FoRB violations can have a devastating impact on individuals, communities and societies. Yet too often, prejudice and intolerance against religion or belief groups is fuelled by political narratives. Authoritarian States also often restrict religious activity as a means to suppress wider civil society activity.
Protecting FoRB is vital to achieve a more a fair, just, peaceful and prosperous world - for everyone. Respect for FoRB underpins a social, political and legal culture which accepts both that we can have deep differences in our views and beliefs and that we all have human rights.
The European Union (EU) is committed to promoting and protecting human rights, democracy and the rule of law worldwide. It strongly affirms the universal, indivisible nature of human rights and seeks through internal and external policies to ensure and advance human dignity, equality and solidarity.
FoRB is protected within the EU by Article 10 of the EU Charter of Fundamental Rights. The rights, freedoms and principles detailed in the Charter are legally binding on the EU and must be applied by its Member States when implementing EU law. The EU also continually seeks to find "shared space" between human rights and religion, and conducts a regular dialogue with churches, religious associations and communities, philosophical and non-confessional organisations to discuss controversial topics, build trust and work towards finding solutions to human rights issues.
Beyond its borders, the EU addresses FoRB through multilevel diplomatic action, including issuing statements, raising issues and cases with third-party States, supporting resolutions at the UN Human Rights Council and interacting with the UN Special Rapporteur on FoRB.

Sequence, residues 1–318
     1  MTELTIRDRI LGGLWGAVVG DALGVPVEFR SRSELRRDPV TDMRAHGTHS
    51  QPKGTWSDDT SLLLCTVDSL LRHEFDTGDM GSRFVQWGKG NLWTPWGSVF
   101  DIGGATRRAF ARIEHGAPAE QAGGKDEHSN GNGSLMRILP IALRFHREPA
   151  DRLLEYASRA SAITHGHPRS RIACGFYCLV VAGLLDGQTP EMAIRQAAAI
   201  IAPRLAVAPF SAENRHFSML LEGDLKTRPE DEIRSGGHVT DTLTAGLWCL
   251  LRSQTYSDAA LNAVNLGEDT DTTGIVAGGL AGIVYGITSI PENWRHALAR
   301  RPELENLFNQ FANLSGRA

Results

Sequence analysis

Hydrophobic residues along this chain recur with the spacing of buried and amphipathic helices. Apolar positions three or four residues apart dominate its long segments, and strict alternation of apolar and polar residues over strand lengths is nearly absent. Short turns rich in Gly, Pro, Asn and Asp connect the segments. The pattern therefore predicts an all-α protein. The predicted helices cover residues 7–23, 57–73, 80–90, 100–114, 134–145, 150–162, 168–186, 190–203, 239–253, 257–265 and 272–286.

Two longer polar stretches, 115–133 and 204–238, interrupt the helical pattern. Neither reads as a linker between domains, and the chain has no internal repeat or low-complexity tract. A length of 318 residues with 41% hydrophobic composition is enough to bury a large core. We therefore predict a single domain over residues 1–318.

Guidelines on freedom of religion or belief adopted by the EU Foreign Affairs Council in 2013 set out how the EU intends to advance FoRB in its external action. They focus on eight equally important areas for action: violence, freedom of expression, promotion of respect for diversity and tolerance, discrimination, changing or leaving one's religion or belief, manifestation of religion or belief, support and protection for human rights defenders and support for and engagement with civil society. The Guidelines can be relied on by civil society and are implemented at country level by EU Delegations.
The Special Envoy on FoRB outside the EU acts to support implementation of the Guidelines, with a special focus on country-level action. The current mandate-holder, Dr. Ján Figeľ, visits countries to engage with national authorities and institutions on FoRB issues, meets regularly with civil society and participates in international initiatives and multilateral processes.
The European Parliament also includes FoRB in its policy work. In particular, a cross-parliamentary Intergroup of MEPs dedicated to ensuring that the EU promotes and protects FoRB in external action acts prominently by asking questions, hosting hearings, supporting resolutions, participating in delegation visits and releasing an annual report on FoRB in the world.